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Significant Changes to High Income Child Benefit Charge

How it will affect your family ...


Posted by Roger Eddowes on 21/03/2024 @ 8:00AM

If you are a parent in the UK, you'll be familiar with child benefit, a government payment made to families with children under 16. However, the way in which child benefit is recovered from households has recently undergone significant changes ...

The complexity of the High Income Child Benefit Charge has been a concern since its introduction!

The complexity of the High Income Child Benefit Charge has been a concern since its introduction!

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In his Spring Budget 2024 announcement, the Chancellor addressed a major issue with the High Income Child Benefit Charge (HICBC) – an anomaly that has favoured dual-income households over single-income households. This means that a couple with two incomes of up to £49,999 each would not be subject to the charge, while a couple or single person with one income of £50,000 or more would be.

To address this unfairness, the government has announced plans to move to a household-based system for recovering child benefit by April 2026!

This means that instead of targeting the higher earner in a household, the charge will be based on the combined income of the household. This change aims to create a fairer system for all families, regardless of their income structure.

While this is a welcome change, it also presents challenges for HMRC. The tax authority will need to collect additional data on household income and make significant changes to its systems and processes. This could put a strain on HMRC's limited resources and may result in delays or errors in the recovery of child benefit.

"In the meantime, an interim measure has been put in place!"

From the 6th of April 2024, the HICBC adjusted net income threshold will increase to £60,000. This means that individuals with income between £60,000 and £80,000 will only have to pay half the rate of the charge, while those with income above £80,000 will have to pay the full amount of the child benefit payment.

It's important to note that these changes will only apply to child benefit claims made after the 6th of April 2024. Backdated payments will be treated as if they were made in the 2024/25 tax year, if backdating would result in a HICBC liability in 2023/24. This means that some families may benefit from waiting until the 6th of April to make a claim for child benefit.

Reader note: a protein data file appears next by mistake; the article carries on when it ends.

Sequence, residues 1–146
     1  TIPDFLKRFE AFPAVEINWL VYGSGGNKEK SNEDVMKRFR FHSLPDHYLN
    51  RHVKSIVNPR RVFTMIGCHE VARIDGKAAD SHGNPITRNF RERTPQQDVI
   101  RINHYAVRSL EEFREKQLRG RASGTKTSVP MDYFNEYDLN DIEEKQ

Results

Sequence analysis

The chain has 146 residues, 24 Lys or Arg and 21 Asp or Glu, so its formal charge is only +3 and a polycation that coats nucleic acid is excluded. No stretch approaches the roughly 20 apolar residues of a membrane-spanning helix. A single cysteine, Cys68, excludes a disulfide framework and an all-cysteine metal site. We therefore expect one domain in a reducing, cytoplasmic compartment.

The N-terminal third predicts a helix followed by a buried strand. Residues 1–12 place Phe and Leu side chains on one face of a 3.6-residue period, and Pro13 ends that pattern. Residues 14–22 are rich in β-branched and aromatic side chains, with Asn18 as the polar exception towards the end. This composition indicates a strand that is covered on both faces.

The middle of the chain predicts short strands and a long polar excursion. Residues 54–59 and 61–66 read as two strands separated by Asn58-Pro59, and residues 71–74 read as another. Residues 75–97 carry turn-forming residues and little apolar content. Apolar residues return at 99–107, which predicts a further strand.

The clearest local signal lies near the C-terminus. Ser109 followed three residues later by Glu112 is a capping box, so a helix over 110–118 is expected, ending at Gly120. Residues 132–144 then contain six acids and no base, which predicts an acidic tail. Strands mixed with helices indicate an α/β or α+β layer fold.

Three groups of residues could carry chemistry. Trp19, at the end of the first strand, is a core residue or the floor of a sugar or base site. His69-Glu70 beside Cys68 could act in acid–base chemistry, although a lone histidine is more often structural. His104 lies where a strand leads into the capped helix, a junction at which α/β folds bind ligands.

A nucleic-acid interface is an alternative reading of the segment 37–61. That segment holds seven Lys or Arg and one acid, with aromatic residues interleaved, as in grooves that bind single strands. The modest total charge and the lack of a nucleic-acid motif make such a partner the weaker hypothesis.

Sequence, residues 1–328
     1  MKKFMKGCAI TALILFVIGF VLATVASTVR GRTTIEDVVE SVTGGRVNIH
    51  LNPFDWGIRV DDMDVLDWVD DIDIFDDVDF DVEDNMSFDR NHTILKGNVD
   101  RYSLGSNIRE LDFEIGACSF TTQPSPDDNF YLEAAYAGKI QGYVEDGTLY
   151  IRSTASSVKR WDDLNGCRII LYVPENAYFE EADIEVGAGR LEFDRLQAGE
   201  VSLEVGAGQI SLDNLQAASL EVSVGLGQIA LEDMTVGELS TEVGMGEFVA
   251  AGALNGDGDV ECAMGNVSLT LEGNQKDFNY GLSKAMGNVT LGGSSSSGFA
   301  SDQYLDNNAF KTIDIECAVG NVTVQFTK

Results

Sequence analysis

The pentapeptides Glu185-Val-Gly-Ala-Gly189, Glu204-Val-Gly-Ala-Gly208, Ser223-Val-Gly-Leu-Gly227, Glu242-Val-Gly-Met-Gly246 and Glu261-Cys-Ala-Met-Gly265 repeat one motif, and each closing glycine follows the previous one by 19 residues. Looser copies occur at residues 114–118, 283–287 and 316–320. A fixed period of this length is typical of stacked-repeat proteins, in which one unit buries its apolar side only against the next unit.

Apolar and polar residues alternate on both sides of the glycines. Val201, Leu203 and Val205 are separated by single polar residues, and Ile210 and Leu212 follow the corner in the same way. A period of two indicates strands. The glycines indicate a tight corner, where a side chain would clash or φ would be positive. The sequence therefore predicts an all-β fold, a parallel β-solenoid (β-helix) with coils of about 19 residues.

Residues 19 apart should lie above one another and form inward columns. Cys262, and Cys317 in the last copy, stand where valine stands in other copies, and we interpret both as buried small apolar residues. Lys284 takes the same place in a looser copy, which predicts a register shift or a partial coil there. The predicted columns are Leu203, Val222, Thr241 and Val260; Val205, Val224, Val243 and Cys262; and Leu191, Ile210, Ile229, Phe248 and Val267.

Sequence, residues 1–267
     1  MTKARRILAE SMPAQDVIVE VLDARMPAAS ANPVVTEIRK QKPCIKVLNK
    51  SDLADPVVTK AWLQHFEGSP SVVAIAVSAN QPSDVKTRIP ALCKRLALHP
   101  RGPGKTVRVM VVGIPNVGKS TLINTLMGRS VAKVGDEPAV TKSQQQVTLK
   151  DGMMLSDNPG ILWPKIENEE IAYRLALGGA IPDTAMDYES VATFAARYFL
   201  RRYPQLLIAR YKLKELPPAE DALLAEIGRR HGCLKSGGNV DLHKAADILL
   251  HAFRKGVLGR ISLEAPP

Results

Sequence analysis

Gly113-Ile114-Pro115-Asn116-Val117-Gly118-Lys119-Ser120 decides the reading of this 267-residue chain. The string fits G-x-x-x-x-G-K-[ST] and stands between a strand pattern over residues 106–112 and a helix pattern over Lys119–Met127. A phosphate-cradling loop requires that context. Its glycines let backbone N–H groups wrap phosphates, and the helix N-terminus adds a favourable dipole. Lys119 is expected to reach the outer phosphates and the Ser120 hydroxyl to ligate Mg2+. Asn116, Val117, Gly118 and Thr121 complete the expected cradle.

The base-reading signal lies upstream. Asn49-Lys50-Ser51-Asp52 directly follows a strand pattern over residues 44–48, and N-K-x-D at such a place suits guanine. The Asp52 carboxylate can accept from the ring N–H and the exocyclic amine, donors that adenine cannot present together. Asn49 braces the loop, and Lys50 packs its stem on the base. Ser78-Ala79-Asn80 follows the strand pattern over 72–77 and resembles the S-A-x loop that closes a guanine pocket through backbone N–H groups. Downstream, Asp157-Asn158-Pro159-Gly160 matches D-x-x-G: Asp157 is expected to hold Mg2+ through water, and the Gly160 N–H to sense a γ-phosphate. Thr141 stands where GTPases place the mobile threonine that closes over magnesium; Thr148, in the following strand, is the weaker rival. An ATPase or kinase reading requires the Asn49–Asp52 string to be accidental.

If you are currently receiving child benefit, it's important to understand how these changes will impact your household income. The new reforms may mean that you will be subject to a higher charge or that you will no longer be eligible for child benefit at all. It's crucial to plan ahead and make any necessary adjustments to your budget to account for these changes.

The Government has also announced plans to collect HICBC without requiring a self-assessment tax return, but no implementation date has been set. This means that HMRC will be relying on other methods to collect the charge, which could lead to more contact and potential confusion for families.

"The complexity of the HICBC has been a concern
for many since its introduction!"

While the changes announced by the government aim to address some of these issues, it would be more beneficial to remove the charge altogether and find alternative ways to recover child benefit.

Stay informed about the changes to the High Income Child Benefit Charge as it may affect you.

Until next time ...

Business Godparent


Would you like to know more?

If anything I've written in this blog post resonates with you and you'd like to discover more about the High Income Child Benefit Charge, it may be a great idea to call me on 01908 774320 and let's see how I can help you.

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About Roger Eddowes ...


Roger trained at Edward Thomas Peirson & Sons in Market Harborough before working at Hartwell & Co, followed by Chancery, as a partner. He started Essendon Accounts and Tax with Helen Beaumont in 2014 as a general practitioner with a hands-on approach.

Roger loves getting his hands dirty, working with emerging, small-to-medium and family businesses to ensure they receive the best possible accountancy advice. Roger utilises an extensive network of business contacts to leverage the best guidance and practical solutions.